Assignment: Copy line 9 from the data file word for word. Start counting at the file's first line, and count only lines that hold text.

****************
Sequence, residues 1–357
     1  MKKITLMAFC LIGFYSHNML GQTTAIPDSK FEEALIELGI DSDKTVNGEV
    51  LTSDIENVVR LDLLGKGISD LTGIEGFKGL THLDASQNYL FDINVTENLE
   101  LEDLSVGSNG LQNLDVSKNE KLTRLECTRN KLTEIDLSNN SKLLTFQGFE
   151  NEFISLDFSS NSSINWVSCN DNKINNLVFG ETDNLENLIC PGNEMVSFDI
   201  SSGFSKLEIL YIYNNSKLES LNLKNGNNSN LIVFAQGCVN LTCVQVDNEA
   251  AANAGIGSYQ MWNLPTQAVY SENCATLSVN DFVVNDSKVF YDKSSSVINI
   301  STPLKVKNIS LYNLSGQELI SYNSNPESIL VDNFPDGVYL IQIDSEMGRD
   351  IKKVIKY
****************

   351  IKKVIKY